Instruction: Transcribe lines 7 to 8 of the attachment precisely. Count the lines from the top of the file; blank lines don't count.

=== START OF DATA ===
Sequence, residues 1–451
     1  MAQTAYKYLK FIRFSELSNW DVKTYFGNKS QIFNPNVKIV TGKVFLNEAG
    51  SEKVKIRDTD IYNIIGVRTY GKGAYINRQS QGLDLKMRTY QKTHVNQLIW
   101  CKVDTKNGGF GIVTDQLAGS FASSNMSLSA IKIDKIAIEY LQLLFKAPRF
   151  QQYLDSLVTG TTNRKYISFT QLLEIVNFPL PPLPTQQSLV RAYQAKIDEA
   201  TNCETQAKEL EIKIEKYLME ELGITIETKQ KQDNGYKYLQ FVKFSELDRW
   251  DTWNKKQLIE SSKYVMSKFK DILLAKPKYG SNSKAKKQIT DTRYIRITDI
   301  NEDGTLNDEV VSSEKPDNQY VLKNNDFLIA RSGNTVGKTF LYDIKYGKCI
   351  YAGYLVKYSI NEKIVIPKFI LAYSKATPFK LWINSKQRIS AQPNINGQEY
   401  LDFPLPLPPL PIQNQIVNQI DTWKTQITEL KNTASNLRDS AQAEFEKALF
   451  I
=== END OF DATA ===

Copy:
   251  DTWNKKQLIE SSKYVMSKFK DILLAKPKYG SNSKAKKQIT DTRYIRITDI
   301  NEDGTLNDEV VSSEKPDNQY VLKNNDFLIA RSGNTVGKTF LYDIKYGKCI